Judi Jennings has had a long and fruitful career of helping to give voice to women artists and rural citizens who want to create a better future for the commonwealth.
The Lexington native recently retired from the Kentucky Foundation for Women, where she served as executive director for more than 15 years. Before her time with the foundation, Jennings was a history professor, fundraiser, and founding director of the University of Louisville Women’s Center. She joined KET’s Renee Shaw on Connections to discuss her life and work.
The Changing Face of Feminism
Jennings contends that the early waves of feminism focusing on voting, employment issues, and reproductive rights were important, but they often didn’t consider the challenges faced by women of color or the working poor. She says she prefers a more diverse version of feminism that includes everyone from high-profile activists down to individuals like the woman who raised her, a single mother working to support her family.
“Poor women didn’t identify with feminism,” Jennings says. “I think that was one of the big mistakes we made in the ’70s is that people thought feminists were only for corporate success.”
While workplace and reproductive challenges remain for women, Jennings is pleased that the movement now seeks to address a broader range of issues. She attributes much of this shift to a younger generation of activists who see feminism as part of wider movements for social, economic, and racial justice.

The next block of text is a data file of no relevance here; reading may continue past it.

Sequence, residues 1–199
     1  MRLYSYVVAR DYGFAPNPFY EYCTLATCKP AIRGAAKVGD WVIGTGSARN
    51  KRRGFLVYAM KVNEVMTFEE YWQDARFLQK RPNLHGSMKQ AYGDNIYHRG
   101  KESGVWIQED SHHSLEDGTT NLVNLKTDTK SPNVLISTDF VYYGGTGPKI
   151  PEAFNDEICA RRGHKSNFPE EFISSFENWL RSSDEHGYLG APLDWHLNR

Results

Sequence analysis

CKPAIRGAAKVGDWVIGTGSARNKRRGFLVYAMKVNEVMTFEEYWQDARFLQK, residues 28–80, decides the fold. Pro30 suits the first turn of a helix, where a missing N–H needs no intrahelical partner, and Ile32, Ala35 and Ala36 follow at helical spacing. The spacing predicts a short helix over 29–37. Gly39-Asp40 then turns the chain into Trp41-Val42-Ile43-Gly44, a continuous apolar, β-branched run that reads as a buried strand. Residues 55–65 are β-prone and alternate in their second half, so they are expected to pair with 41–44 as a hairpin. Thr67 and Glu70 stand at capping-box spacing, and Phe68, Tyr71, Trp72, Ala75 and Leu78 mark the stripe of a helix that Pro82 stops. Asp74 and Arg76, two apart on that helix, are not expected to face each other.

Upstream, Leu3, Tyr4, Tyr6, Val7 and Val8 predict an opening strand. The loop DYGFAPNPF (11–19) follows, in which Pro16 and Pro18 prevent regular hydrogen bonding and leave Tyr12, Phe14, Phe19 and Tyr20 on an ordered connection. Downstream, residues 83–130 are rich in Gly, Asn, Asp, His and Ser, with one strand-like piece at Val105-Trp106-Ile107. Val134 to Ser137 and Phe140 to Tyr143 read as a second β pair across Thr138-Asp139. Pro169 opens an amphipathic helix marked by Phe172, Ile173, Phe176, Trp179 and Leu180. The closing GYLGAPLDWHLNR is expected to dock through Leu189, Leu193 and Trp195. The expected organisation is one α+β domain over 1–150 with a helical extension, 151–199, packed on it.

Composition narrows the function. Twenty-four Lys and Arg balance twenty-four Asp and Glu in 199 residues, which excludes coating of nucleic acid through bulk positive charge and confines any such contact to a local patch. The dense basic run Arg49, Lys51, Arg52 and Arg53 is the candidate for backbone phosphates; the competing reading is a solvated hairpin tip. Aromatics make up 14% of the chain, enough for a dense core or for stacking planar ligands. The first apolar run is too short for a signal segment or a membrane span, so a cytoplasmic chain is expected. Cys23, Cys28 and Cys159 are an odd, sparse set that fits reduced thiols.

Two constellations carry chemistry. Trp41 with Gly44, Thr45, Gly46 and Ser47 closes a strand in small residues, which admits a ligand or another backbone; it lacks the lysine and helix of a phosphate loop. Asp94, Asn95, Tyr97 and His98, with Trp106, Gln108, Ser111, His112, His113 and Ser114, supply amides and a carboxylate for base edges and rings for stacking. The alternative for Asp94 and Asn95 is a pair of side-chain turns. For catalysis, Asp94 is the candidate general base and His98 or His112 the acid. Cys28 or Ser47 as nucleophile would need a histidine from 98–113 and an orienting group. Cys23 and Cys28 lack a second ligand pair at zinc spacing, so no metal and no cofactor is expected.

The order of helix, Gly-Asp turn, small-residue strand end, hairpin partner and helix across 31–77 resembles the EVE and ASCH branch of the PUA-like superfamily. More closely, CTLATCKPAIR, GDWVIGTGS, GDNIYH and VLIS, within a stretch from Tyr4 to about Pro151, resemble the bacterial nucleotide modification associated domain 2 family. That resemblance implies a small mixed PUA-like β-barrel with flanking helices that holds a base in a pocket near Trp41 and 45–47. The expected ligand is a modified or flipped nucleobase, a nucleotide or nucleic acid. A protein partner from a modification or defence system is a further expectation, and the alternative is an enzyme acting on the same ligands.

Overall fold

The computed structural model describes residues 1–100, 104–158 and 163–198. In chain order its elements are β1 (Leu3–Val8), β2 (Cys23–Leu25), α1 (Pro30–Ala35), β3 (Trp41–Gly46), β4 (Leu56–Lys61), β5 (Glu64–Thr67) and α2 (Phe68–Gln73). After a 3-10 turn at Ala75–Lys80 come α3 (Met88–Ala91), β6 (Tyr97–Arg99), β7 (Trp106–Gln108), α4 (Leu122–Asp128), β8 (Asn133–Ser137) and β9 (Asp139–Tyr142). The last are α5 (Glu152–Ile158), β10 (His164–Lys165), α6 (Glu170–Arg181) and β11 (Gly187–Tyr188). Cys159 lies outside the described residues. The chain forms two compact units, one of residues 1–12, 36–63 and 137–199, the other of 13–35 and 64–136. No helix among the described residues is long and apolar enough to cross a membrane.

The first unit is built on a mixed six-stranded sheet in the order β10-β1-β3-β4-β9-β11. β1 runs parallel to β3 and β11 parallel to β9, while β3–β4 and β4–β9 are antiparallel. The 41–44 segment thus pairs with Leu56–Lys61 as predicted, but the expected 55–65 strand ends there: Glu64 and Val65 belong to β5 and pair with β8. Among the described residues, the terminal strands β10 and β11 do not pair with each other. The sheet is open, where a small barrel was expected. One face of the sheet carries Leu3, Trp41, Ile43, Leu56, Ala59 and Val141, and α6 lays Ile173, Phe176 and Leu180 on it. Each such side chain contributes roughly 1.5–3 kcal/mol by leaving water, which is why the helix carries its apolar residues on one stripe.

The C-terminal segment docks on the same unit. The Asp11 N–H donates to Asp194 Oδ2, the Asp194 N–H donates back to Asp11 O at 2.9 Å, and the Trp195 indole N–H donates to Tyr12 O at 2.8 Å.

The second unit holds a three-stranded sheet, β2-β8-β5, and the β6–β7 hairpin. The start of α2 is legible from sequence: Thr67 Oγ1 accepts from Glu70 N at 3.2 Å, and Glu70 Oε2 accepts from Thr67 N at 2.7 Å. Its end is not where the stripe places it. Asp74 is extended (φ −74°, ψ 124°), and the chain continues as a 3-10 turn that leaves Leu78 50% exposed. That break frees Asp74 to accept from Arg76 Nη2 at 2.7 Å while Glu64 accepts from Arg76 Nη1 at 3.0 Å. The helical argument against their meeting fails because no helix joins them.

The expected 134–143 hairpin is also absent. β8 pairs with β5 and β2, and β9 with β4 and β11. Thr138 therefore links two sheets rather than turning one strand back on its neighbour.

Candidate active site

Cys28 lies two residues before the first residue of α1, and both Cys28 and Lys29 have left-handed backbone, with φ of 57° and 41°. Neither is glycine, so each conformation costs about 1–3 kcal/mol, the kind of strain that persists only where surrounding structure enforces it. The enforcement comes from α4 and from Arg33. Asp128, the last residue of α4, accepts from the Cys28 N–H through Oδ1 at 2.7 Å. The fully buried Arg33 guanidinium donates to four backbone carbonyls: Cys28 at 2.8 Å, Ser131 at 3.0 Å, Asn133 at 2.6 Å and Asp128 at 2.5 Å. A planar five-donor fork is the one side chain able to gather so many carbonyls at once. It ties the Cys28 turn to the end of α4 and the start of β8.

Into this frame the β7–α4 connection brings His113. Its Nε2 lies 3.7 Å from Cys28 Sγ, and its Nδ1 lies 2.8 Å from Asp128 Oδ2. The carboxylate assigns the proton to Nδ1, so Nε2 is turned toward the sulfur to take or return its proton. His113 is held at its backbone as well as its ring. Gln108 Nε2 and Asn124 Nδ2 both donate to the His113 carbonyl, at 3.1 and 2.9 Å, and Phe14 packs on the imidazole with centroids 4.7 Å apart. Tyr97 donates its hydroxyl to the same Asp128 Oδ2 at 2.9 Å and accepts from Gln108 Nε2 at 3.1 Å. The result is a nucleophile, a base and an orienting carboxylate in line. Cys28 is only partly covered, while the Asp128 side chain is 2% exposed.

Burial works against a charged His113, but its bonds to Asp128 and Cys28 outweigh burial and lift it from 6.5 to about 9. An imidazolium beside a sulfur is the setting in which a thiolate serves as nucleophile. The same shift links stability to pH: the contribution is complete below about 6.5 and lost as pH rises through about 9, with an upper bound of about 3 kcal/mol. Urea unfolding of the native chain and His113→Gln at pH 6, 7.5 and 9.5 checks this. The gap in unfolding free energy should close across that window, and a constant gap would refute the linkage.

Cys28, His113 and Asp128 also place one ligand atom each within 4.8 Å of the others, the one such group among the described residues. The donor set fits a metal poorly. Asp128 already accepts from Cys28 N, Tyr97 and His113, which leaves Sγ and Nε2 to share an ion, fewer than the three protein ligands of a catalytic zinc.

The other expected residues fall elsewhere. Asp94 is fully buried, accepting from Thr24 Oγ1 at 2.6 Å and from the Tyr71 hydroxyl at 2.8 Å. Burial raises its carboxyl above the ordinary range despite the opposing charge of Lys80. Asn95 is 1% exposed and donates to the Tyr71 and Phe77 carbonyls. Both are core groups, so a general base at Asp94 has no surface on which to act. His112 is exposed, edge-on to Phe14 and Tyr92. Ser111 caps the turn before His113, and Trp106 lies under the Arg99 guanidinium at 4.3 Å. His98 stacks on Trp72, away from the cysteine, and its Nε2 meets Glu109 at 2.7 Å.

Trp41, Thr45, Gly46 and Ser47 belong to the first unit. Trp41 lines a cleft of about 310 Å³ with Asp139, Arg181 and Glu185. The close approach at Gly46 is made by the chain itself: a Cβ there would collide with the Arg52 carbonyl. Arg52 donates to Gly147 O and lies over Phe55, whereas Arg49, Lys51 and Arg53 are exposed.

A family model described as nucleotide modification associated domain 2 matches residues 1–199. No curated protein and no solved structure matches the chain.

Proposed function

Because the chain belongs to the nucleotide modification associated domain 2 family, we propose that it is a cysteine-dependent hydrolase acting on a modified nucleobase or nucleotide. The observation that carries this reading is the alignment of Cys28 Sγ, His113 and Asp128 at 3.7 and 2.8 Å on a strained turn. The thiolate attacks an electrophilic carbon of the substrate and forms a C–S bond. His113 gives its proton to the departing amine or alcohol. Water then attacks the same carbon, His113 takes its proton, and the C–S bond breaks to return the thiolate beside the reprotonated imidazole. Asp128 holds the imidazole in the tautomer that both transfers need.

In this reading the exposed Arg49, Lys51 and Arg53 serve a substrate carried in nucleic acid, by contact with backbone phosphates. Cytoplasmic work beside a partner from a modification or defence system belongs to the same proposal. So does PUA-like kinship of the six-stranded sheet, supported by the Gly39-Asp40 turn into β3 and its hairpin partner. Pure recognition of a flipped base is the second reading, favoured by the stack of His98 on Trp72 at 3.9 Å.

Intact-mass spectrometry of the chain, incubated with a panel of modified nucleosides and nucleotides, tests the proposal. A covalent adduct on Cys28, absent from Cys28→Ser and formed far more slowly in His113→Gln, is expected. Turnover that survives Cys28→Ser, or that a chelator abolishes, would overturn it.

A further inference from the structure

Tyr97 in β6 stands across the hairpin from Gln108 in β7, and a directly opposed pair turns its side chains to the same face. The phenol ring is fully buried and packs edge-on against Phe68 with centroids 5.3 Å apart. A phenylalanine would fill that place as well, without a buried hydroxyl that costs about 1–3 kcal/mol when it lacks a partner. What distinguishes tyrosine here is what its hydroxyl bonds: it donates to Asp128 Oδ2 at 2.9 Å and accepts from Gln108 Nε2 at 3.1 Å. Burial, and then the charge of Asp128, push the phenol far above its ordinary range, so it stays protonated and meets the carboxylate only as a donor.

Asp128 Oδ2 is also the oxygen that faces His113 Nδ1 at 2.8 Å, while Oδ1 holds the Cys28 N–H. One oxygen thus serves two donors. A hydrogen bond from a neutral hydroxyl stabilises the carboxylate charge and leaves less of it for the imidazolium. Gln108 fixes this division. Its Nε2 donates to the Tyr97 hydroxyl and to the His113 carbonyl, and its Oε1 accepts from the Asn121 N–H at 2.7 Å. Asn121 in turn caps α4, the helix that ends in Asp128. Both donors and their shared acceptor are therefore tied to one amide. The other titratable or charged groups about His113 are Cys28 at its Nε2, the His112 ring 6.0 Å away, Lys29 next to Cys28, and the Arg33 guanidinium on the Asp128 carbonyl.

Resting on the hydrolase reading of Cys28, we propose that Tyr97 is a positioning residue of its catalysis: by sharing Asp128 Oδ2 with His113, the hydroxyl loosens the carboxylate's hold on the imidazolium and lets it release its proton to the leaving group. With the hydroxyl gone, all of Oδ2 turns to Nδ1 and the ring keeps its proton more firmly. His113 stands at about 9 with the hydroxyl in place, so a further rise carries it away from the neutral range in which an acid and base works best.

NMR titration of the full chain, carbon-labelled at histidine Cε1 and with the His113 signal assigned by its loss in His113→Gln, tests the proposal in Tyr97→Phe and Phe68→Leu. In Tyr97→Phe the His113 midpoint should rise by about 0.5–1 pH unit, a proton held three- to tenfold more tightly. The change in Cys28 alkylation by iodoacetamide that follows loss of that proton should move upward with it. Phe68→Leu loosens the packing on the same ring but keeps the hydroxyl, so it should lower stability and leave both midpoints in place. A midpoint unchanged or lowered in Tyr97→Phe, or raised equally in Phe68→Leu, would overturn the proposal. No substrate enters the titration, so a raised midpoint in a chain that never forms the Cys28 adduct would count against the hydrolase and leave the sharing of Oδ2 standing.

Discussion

Roots in Appalachia
After college at the University of Kentucky, where she got a Ph.D. in 18th century British history, Jennings taught at Union College in Barbourville, and worked as a fundraiser for Appalshop. She says her time at the renowned arts and media collective in Whitesburg was a way to honor her mother’s Appalachian roots.
“She had moved to Lexington when she was 14, but I realized that my mother had always been made to feel ashamed of being from Eastern Kentucky,” Jennings explains. “And when she died…I thought a lot about how nobody in America should have to live being ashamed of who they are because this is such a great country.”
Jennings says Appalachian and rural people need to play a greater role in national policy conversations, despite the difficulty of being allowed a voice in those discussions. She believes the strength of rural communities and cultures has much to add to the quality of life for all Americans. Here again, Jennings notes the influence of younger generations in these efforts, especially in the state’s Appalachian counties.
“Young people are going back there and they’re making their own economies with food, with health care, [and] they’re speaking out to make a better Kentucky,” Jennings says. “I think that there is a brighter future for Appalachia and I think it’s going to be from the grassroots up.”